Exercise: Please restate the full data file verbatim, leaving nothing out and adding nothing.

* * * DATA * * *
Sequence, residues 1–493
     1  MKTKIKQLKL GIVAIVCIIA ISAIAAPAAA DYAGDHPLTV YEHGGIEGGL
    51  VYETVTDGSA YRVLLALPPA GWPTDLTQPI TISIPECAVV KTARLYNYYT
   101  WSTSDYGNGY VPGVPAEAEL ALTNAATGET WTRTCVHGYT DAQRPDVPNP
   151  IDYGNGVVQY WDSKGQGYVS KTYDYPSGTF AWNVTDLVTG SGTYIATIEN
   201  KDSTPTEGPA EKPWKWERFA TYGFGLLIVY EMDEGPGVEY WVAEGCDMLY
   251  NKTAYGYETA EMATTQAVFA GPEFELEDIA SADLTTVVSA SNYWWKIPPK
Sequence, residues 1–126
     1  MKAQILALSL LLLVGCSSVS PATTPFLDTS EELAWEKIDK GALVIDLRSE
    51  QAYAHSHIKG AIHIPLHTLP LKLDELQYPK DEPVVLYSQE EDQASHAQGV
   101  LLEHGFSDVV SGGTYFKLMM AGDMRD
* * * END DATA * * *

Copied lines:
Sequence, residues 1–493
     1  MKTKIKQLKL GIVAIVCIIA ISAIAAPAAA DYAGDHPLTV YEHGGIEGGL
    51  VYETVTDGSA YRVLLALPPA GWPTDLTQPI TISIPECAVV KTARLYNYYT
   101  WSTSDYGNGY VPGVPAEAEL ALTNAATGET WTRTCVHGYT DAQRPDVPNP
   151  IDYGNGVVQY WDSKGQGYVS KTYDYPSGTF AWNVTDLVTG SGTYIATIEN
   201  KDSTPTEGPA EKPWKWERFA TYGFGLLIVY EMDEGPGVEY WVAEGCDMLY
   251  NKTAYGYETA EMATTQAVFA GPEFELEDIA SADLTTVVSA SNYWWKIPPK
Sequence, residues 1–126
     1  MKAQILALSL LLLVGCSSVS PATTPFLDTS EELAWEKIDK GALVIDLRSE
    51  QAYAHSHIKG AIHIPLHTLP LKLDELQYPK DEPVVLYSQE EDQASHAQGV
   101  LLEHGFSDVV SGGTYFKLMM AGDMRD